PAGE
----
People Make the Place: My Personal Homecoming

People make the place.  My parents demonstrated great skill with this.  They created a feel of home in the dozen or more residences our family occupied in and around Indianapolis.  When the time came to make my own home, after four years of school in Bloomington, exploration landed me in the Pacific Northwest for eight years.  Family and a need for relaxation placed me on the Carolina coast for a few more following that.  Utterly captivating was the endless natural beauty that surrounded me.  But the personalities and convictions of people I met along the way have made the most lasting impression.  Calling Indy home again since last summer has reminded me that our local population is what truly makes this city one of America's best.

Rediscovering my hometown after over a decade abroad has been nothing short of thrilling.  Pride for our communities grows in every neighborhood.  Driving forces behind the momentum are groups like PUP (People for Urban Progress), Big Car, ROW (Reconnecting to Our Waterways) and The Patachou Foundation to mention only a few.  Their efforts have steadily enhanced the local quality of life for people.  I have been lucky to become directly involved with PUP and Big Car since moving back.  Through my work with them it is easy to attest to the sense of family that the individuals behind these organizations create.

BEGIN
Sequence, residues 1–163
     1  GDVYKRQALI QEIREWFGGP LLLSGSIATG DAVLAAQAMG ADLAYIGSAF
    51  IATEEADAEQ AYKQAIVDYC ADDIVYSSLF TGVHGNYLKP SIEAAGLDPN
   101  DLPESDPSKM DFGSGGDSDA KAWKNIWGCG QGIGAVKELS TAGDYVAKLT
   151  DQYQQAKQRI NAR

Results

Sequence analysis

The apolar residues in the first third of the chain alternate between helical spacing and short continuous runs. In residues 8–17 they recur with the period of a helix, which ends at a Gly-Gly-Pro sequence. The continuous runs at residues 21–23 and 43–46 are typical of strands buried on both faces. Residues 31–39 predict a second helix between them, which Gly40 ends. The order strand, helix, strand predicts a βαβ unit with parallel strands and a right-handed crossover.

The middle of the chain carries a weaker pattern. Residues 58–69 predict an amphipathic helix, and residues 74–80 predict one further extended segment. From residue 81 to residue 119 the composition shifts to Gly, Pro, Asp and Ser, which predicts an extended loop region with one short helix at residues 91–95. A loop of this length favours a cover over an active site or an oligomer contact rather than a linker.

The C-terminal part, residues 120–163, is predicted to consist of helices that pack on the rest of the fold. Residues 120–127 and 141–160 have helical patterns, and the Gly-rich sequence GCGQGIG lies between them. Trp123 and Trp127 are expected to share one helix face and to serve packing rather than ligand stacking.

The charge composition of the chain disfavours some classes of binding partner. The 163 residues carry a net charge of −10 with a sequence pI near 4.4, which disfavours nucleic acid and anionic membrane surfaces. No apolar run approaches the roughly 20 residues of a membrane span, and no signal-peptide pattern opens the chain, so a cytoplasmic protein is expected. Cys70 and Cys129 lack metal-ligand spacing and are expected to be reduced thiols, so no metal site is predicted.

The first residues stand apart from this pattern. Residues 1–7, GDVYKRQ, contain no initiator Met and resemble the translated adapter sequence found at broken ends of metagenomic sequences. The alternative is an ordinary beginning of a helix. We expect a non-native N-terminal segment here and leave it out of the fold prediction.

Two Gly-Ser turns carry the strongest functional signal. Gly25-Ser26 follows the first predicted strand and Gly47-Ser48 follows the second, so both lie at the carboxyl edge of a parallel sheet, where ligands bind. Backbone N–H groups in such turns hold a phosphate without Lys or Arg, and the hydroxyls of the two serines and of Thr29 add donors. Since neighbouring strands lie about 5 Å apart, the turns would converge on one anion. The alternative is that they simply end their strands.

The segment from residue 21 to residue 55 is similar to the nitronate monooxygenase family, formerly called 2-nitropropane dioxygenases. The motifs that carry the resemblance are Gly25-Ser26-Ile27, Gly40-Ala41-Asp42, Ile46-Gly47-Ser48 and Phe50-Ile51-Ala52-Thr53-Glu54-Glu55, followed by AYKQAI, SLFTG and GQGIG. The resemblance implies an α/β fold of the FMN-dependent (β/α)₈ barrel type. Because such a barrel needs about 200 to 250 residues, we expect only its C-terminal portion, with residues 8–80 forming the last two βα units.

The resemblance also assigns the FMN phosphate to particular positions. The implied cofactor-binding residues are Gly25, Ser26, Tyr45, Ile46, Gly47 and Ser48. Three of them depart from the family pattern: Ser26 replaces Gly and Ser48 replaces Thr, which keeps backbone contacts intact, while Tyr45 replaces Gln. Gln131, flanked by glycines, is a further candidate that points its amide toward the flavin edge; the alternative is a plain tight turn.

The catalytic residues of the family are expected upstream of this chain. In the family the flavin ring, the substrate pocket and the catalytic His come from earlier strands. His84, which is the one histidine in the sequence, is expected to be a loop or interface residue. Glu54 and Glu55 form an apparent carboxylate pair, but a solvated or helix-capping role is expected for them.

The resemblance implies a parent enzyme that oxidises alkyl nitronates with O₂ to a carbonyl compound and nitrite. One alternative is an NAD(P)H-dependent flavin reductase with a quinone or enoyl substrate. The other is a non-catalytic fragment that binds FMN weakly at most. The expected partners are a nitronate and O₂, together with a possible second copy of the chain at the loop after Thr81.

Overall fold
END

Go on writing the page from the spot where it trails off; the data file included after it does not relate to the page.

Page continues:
I serendipitously met PUP at Renegade Craft Fair in Chicago.  Since then they have included me in their devotion to our city.  At times it has led to spending as much time around the Hoosier Dome fabric as some former Colts players.  But our embodiment of a replicable model for conscious branding and post-industrial salvage expands beyond the material.  Together we have worked to employ rehabilitated offenders from RecycleForce, another outstanding local organization, in production processes.   This achieves the lofty goal of making jobs for an under-utilized division of the labor force.  Projects like this only scratch the surface of our commitment to Indy.

Big Car is a similarly progressive assemblage of regional activists.  Our quest for improved community engagement focuses on the resource of culture.  With the aid of overwhelming financial and volunteer support our team creates experiences citywide aimed at promoting creativity, self-expression and reflection.  These collective efforts hope to inspire greatness in people regardless of background or social status.  Response to our accomplishments has proven positive.

Organizations such as these are admirable because they recognize the potential of our city.  They celebrate the personal narratives attached to objects, places and individuals.  Their ideas generate national attention by expanding the possibilities of community sustainability.  Moreover they are acting stewards who take on great social and environmental responsibilities. Without them who would provide these services that our citizens benefit from?  Please appreciate the fact that groups like these not only deserve but require our support.  See in them the importance they see in you.


Drew Ballengee is one of PUP's Key Volunteers and an integral part of the processing of our materials. Not only does Drew bring a fresh energy to our shop but our dreams of bringing the  Fabrik Bank to life wouldn't be possible without him. Originally from Indiana, he has lived and worked in the PNW and North Carolina in many community roles.  His work with Big Car helped them open the Garfield Park Tube Factory art space. By helped we mean he literally built the walls.